Life-sized southern elephant seal model a welcome addition

Visitors to uShaka Sea World, Rebecca Foxon and Kayleigh Hollyman, pose with a life-sized model of a southern elephant seal 

An enormous model of an elephant seal along with a smaller seal species replica are welcome additions to the growing number of photo opportunity models situated throughout uShaka Marine World.

The large, wall-mounted life-sized model was inspired by Selso the southern elephant seal who has been a resident in the uShaka Sea World Rehabilitation Centre since he was found stranded on a beach on the KwaZulu-Natal lower south coast at the end of June 2013.

Joining him adjacent to the seal exhibit window is a very serious-looking seal 'studying' a SASSI (South African Sustainable Seafood Initiative) information chart.

Both seals present irresistible opportunities for group and individual family photographs and although they have only been up for a few days, are proving to be as popular as the two dolphin models and the much photographed megalodon jaw at the entrance to the park.

It is hoped that the southern elephant seal and SASSI seal models will inspire guests to find out more about the seals that inhabit the oceans and what action they can take to contribute positively towards a healthy marine environment that will ensure their survival.

Both the southern and northern mature male elephant seals are easily recognisable by their enormous size and proboscis. Male southern elephant seals weigh approximately 3 500kg while the female’s maximum weight is around 600kg.

Their eyes are large, round and black with a high concentration of pigment which suggest that sight plays an important role in the capture of prey.

SASSI the seal is smothered in kisses

While hunting they are able to remain at depths of 400 to 1 000 metres for more than 20 minutes at a time. This unique skill is based on their ability to store oxygen and to reduce oxygen consumption.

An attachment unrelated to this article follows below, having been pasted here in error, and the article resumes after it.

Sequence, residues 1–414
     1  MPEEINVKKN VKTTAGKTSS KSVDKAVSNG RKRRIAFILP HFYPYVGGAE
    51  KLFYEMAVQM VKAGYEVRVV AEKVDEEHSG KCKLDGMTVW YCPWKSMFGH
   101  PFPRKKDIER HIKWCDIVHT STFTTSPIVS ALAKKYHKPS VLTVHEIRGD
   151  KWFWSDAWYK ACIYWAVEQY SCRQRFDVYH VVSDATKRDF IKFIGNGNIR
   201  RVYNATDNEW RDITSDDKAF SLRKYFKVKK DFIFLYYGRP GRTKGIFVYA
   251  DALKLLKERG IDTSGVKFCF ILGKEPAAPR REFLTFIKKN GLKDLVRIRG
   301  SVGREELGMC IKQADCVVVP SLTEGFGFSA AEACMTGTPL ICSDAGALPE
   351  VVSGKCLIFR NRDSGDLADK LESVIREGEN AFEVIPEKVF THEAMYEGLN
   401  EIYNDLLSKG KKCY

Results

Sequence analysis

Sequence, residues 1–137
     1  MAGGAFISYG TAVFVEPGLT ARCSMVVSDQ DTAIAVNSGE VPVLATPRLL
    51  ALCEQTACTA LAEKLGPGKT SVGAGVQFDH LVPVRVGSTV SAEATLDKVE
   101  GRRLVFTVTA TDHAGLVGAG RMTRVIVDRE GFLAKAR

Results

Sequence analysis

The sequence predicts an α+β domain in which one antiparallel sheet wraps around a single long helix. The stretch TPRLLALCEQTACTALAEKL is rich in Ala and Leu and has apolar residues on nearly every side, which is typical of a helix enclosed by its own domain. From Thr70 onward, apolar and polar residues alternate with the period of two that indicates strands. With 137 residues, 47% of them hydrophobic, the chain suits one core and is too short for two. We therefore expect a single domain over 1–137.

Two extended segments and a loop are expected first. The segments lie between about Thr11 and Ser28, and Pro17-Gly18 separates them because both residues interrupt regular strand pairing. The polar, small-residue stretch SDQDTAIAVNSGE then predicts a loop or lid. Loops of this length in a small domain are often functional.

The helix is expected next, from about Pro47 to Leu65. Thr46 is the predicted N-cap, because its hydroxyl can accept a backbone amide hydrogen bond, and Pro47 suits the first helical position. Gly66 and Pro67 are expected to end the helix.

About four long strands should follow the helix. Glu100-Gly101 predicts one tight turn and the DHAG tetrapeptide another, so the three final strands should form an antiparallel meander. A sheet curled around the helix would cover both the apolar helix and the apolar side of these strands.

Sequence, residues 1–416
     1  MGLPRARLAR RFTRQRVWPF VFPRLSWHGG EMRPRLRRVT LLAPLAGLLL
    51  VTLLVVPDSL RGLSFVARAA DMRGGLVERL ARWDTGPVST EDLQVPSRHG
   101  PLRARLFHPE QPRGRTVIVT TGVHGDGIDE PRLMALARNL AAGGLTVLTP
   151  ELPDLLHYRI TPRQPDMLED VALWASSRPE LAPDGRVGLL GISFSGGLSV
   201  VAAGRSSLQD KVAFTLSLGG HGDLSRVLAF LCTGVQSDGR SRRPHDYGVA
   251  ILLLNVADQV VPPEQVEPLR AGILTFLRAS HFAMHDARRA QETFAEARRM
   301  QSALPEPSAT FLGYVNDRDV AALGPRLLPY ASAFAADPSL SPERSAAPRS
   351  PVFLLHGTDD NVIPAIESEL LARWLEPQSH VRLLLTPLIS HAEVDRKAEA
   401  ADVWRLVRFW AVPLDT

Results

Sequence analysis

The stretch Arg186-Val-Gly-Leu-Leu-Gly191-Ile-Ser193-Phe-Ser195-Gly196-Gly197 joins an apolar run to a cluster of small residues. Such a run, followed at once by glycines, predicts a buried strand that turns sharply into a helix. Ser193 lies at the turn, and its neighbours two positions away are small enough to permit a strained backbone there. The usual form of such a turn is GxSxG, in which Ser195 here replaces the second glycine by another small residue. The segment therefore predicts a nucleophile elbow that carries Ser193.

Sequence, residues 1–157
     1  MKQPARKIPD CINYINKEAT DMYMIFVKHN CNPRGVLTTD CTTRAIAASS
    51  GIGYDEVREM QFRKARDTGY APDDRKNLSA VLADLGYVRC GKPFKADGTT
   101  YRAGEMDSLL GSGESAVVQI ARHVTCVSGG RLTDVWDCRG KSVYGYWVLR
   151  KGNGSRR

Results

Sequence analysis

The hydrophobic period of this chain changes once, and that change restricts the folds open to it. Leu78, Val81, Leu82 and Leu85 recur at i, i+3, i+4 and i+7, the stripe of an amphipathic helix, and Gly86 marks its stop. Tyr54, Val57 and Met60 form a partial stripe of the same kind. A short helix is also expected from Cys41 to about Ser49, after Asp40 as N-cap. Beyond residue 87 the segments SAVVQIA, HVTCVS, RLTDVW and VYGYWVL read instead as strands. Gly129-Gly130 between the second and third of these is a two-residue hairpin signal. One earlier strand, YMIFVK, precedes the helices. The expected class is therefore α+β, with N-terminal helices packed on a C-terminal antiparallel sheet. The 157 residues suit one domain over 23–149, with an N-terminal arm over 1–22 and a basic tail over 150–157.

Thankfully most of their breeding sites are now protected by international law after their near-extinction due to hunting in the 19th century.

SASSI the seal has an important message for all of us. We can all play a part in creating a sustainable seafood industry as it is well known that the ocean is not a bottomless resource.

uShaka Sea World is a partner in the SASSI initiative established in 2004 by the World Wide Fund for Nature (WWF).

Sue Hollyman gets help in making the right seafood choice from SASSI the seal

While sitting with SASSI the seal, visitors are drawn to reading the giant menu which clearly indicates the different fish species according to their conservation status.

The green group lists the most sustainable choices while those in the orange group include species that consumers are encouraged to think twice before choosing to eat.

Red indicates species from collapsed populations. Consumers are urged to never consume fish from the red list, not only because it is illegal, but because if left alone, these fish species may recover over time.

This is a lot of information to take in all in one sitting, so a quick QR code is provided to link guests to the SASSI app which can be downloaded free on to mobile devices.

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